March 13th, 2023, is the third anniversary of Breonna Taylor’s murder. Police shot Taylor five times as they fired wildly into her apartment. She received no medical attention for 20 minutes as she struggled to breathe after the botched raid (NYTimes). Her death sparked weeks of protests around the country (NPR). The officer who murdered her was not charged. Other officers were indicted, not for murdering Taylor but for falsifying the warrant for the raid (The Independent).
The U.S. injustice system letting killer cops off the hook is nothing new. There’s another, less discussed angle to the tragic murder of Breonna Taylor: gentrification. Gentrification can seem like an abstract or gradual process. The police murder of Breonna Taylor is a reminder that gentrification, white supremacy, and police violence are all tightly connected.
When a neighborhood gentrifies, rent prices and property taxes increase until existing residents are evicted. If someone faces eviction and doesn’t move out, they’re confronted by an armed sheriff. People move out of their homes only because the alternative is incarceration or death.
But cities also over-police neighborhoods to kickstart the gentrification process in the first place. Increased policing can make new white residents feel safer. It can also open up new properties for sale by forcing out existing residents indirectly, through intimidation, or directly, through incarceration. No matter how much money it invests in infrastructure or capital improvements, a municipal government can’t make an area attractive to investors if it’s perceived, rightly or wrongly, as dangerous (The Appeal). White supremacists often view Black and brown people as inherently dangerous.
The city of Louisville invested $1 billion to gentrify Breonna Taylor’s neighborhood. The raid on Taylor’s home was targeted at an alleged drug dealer viewed as a “primary roadblock” to the area’s “revitalization.” “When the layers are peeled back, the origin of Breonna’s home being raided by police starts with a political need to clear out a street for a large real estate development project,” attorneys representing Taylor’s family allege in a court filing (Courier-Journal). After the murder of Breonna Taylor, the gentrification of her neighborhood through “mixed-income” developments has continued (Vision Russell).
This happens across the U.S. Walter Wallace was killed by the police a mile from a Philadelphia neighborhood targeted for gentrification (Washington Post). “Law enforced racism has made the divide between the gentrifier and the displaced not only possible, but protected,” writes Louis Lin (EOI).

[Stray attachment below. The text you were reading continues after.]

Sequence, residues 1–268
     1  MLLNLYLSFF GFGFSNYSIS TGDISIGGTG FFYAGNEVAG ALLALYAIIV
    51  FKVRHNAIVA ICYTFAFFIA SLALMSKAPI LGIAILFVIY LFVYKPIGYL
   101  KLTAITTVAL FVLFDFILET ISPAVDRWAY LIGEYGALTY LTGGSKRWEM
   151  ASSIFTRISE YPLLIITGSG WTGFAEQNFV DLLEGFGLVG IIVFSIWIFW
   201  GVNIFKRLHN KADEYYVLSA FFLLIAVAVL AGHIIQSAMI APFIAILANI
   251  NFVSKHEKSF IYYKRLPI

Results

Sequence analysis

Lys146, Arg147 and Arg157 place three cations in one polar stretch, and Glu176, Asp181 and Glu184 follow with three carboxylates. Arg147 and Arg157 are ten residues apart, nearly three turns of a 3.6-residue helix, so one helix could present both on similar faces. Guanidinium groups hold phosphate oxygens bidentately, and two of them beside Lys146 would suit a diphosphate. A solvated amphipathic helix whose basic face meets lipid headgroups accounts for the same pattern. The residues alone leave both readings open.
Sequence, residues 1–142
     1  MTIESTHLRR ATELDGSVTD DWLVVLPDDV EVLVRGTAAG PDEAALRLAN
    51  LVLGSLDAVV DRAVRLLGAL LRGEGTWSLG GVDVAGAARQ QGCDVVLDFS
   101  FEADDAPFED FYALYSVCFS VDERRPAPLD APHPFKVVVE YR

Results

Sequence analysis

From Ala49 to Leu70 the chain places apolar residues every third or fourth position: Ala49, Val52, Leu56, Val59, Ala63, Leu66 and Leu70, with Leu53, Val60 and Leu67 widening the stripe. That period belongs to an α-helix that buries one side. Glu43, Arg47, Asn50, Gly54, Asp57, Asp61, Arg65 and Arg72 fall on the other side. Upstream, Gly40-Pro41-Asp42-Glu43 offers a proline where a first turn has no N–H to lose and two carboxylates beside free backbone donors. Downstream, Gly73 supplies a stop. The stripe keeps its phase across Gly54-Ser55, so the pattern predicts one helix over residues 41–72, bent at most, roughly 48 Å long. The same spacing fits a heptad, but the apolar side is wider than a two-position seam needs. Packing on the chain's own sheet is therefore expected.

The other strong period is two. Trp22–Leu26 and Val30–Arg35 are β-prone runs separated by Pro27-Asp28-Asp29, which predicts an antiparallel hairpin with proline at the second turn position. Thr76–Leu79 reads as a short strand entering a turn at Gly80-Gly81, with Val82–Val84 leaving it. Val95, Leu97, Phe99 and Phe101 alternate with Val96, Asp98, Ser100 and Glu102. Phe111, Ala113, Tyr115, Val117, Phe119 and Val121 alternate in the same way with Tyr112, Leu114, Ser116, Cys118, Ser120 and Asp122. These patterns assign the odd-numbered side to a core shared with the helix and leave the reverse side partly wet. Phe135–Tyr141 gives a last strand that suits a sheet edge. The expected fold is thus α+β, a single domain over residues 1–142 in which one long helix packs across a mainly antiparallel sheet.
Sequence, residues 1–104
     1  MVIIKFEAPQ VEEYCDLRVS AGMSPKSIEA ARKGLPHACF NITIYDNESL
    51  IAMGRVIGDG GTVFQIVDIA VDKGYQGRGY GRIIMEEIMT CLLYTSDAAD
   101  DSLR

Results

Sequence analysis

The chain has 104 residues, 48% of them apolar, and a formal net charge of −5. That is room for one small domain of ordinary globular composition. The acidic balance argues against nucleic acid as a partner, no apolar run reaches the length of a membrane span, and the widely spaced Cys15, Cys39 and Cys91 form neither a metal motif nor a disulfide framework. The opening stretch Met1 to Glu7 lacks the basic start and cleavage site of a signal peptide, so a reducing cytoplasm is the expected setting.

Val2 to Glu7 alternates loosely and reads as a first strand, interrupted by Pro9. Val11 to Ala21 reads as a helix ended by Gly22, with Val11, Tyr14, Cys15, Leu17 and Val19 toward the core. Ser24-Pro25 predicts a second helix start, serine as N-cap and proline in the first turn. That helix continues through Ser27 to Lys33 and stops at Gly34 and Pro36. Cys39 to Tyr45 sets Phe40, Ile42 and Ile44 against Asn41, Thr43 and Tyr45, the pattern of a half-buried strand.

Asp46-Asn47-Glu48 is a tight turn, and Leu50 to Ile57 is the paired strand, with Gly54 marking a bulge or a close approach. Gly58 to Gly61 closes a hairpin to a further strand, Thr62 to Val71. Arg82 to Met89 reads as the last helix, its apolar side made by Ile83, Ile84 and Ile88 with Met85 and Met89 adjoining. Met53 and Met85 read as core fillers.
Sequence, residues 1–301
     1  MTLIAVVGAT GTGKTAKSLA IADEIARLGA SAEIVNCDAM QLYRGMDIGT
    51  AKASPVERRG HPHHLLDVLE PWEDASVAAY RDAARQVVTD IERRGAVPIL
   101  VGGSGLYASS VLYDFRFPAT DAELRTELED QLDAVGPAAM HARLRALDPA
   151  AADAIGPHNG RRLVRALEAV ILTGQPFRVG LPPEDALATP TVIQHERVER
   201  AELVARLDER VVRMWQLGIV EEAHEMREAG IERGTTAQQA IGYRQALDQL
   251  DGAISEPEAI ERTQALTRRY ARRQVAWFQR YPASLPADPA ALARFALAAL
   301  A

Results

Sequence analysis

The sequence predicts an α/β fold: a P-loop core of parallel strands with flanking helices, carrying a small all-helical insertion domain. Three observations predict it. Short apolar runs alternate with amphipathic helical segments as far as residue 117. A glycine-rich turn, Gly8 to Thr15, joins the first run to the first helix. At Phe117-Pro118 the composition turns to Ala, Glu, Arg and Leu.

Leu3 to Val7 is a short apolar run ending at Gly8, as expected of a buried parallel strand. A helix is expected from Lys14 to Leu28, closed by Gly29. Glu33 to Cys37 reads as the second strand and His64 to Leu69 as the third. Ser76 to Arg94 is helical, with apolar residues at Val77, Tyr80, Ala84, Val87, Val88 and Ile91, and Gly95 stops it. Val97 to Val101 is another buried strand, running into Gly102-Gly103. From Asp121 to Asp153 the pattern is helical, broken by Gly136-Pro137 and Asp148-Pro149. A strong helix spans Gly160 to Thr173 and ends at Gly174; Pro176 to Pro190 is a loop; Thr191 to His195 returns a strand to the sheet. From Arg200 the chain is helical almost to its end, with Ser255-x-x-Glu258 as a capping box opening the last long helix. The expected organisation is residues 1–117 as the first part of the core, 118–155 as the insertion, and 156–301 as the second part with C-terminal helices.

In Atlanta, dozens of protesters are facing politically motivated charges of domestic terrorism for “crimes” like attending a peaceful music festival. They’re among hundreds of activists participating in a week of action called by local communities against the construction of a Cop City police training facility in the Weelaunee Forest, not coincidentally next to a gentrifying majority-Black neighborhood (IGD). One Cop City opponent, Manuel Paez Terán, was murdered by the police.
“I don’t want Cop City. My neighbors don’t. My granny don’t. She’s been in her house almost 50 years and you suckers will never get it through gentrification,” Reverend Keyanna Jones of the Faith Coalition to Stop Cop City told Atlanta City Council last Monday (Twitter/Atlanta Justice Alliance).
If Cop City is built, Black residents in surrounding neighborhoods will be pushed out. Cop City would train police officers from around the country in military tactics (Pittsburgh City Paper). These police would be deployed in gentrifying neighborhoods to make them more appealing to wealthier, white residents (Urban Institute). It’s no coincidence that the people most likely to face both police violence and eviction are immigrants and people of color, particularly Black people.
Municipal governments plan gentrification (ThoughtCo). Displacement destroys the social identities of people torn away from their communities. It leads to early deaths when people are exposed to the elements on city streets or forced to stay in unsafe living conditions because it’s too expensive to move. In the cases of Walter Wallace, Manuel Paez Terán, and Breonna Taylor, gentrification involved active police murders.
The legal system has decided that no crimes were committed when police officers murdered Breonna Taylor. But as As Black as Resistance author Zoé Samudzi reminds us, “If we define justice for police brutality victims as a trial, conviction, and the imprisonment of killer cops, we are relying on the very structures we are fighting against to both define justice for us and to provide us with recourse” (Teen Vogue). Though justice for Breonna Taylor may never be provided through the courts, we can all join the fight to make sure that policing and gentrification end.
• Nobody was charged with the police murder of Breonna Taylor.
• Her family’s attorneys allege her home was targeted because the city government was gentrifying her neighborhood.
• Fights to end police brutality and gentrification are often intertwined, as in the case of protesters continuing to take direct action against Atlanta’s Cop City in the face of severe political repression.